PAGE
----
Webcast highlights surgical treatment for developmental dysplasia of the hip in children

Webcast highlights procedure to treat hip disorder


On Thursday, Nov. 10, at 6 p.m., watch orthopedic surgeons Mark Adamczyk and Kenneth Bono as they perform an open reduction procedure on an 18-month-old girl to treat developmental dysplasia of the hip (DDH).

In an open reduction, the hip is realigned and the thighbone is placed back into the hip socket through surgery. During the procedure, tight muscles and tissues surrounding the hip joint are loosened and then later tightened up once the hip is back in place.

DDH is a deformity that can occur before, during or weeks after birth and is more common in girls. Early diagnosis and treatment are typically the key to avoiding orthopedic problems later in life. Treatment for DDH depends on the age of the child, with children 6 months or older typically requiring some form of surgery.

“In an older child, the socket or the acetabulum has not developed to the point where it can accept the femoral head adequately,” said Dr. Adamczyk. “There are other structures that block the head coming into the socket well and they need to be removed, which is the things that we did today – lengthening of tendons, opening of joint capsules, dividing of ligaments – removing blocks to reduction.”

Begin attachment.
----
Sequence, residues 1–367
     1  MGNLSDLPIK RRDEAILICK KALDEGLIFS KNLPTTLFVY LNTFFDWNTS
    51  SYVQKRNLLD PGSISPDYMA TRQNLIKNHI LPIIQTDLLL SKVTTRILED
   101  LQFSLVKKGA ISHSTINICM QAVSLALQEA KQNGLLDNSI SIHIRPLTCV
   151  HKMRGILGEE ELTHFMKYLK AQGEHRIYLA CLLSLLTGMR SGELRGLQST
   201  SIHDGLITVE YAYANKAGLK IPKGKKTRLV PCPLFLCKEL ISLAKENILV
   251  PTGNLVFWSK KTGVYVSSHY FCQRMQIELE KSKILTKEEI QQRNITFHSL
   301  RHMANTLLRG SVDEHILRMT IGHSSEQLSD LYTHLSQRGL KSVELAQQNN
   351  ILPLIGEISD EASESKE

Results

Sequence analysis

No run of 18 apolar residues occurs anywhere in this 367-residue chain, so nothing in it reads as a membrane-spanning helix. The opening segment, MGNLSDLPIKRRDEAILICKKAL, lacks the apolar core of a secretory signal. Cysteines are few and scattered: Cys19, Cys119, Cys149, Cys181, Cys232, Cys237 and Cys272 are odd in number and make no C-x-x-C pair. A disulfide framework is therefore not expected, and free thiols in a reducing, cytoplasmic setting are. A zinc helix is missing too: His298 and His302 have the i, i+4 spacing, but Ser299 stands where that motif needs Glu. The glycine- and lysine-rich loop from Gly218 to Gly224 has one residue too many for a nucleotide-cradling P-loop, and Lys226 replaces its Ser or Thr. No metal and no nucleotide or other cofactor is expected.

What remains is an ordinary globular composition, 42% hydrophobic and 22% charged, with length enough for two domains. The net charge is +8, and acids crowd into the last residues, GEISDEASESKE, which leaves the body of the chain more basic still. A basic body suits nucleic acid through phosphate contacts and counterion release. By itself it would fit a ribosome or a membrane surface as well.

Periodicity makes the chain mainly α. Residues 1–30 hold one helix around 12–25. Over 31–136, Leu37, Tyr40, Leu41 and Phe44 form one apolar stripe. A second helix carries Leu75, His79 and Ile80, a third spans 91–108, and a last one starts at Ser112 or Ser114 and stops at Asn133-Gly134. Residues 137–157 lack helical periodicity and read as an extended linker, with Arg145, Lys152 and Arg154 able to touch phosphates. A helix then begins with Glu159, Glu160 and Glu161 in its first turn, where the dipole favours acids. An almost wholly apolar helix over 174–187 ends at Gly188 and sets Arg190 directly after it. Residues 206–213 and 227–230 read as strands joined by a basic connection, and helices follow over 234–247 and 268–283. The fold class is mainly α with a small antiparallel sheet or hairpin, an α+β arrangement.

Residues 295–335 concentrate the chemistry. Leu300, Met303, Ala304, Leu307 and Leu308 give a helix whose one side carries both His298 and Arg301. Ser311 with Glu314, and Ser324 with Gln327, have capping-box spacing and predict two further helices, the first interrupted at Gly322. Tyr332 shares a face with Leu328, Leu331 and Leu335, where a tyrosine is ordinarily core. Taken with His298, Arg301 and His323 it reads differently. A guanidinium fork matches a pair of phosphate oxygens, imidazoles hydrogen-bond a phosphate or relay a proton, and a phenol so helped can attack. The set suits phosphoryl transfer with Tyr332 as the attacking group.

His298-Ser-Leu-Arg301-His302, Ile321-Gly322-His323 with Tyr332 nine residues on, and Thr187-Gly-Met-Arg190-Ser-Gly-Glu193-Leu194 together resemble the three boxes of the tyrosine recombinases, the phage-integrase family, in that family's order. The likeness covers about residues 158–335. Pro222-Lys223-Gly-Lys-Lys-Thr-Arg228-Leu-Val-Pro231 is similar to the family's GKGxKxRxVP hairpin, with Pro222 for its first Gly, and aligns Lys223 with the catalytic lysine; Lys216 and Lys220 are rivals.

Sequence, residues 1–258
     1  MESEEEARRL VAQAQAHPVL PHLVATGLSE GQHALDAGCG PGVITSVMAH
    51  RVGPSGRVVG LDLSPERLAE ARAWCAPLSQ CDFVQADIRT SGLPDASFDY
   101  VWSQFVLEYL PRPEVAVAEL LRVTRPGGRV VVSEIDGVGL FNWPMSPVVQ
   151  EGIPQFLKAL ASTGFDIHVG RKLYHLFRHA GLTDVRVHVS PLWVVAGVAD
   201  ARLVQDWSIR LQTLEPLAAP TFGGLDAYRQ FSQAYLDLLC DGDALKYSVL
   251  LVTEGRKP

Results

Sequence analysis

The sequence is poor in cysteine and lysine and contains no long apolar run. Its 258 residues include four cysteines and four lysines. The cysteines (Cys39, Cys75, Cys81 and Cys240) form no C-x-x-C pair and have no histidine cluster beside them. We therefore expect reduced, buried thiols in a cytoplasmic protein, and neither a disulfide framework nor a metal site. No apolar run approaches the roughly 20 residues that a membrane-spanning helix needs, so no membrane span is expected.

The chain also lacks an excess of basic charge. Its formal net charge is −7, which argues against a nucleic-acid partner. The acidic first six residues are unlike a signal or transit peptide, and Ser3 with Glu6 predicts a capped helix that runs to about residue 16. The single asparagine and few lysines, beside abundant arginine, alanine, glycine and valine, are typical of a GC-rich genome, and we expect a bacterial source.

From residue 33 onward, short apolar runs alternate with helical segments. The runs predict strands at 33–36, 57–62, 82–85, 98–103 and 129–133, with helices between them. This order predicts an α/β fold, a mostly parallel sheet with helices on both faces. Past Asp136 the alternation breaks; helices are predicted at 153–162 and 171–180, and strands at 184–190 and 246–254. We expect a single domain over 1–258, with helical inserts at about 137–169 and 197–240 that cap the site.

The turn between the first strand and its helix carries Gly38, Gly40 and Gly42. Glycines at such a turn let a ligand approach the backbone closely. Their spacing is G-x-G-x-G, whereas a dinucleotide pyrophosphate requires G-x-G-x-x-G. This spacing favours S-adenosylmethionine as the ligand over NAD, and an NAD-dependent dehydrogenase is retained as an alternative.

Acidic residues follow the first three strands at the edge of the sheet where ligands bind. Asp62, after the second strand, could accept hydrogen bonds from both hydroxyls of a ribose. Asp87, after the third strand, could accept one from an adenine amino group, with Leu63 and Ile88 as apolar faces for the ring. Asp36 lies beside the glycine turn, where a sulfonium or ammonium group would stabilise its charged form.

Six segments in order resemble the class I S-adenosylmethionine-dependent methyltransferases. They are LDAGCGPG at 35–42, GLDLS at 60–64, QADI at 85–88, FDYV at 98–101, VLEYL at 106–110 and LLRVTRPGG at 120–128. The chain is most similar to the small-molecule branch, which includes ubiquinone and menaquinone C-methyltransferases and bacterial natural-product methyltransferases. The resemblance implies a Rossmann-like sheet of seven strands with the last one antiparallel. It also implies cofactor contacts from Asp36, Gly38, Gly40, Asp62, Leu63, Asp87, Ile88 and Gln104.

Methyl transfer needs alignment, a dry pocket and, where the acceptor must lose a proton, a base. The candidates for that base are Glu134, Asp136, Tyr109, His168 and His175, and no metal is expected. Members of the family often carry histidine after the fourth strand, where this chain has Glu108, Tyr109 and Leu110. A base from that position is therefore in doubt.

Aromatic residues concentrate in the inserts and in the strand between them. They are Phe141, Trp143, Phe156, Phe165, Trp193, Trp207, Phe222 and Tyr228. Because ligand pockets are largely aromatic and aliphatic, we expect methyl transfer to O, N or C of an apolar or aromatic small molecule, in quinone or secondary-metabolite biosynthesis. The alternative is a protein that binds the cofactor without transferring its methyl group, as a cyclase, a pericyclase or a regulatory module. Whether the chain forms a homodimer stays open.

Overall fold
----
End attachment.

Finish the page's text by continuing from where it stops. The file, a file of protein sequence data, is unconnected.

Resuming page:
Following surgery, the child is placed in a body cast for about two months to ensure the hip sets properly.

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Previous webcasts include:

Look for a webcast on epilepsy surgery, with pediatric neurosurgeon Roger Hudgins, on Jan. 12, 2012.

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Watch orthopedic surgeons perform surgery to treat a toddler's hip disorder during webcast Nov. 10

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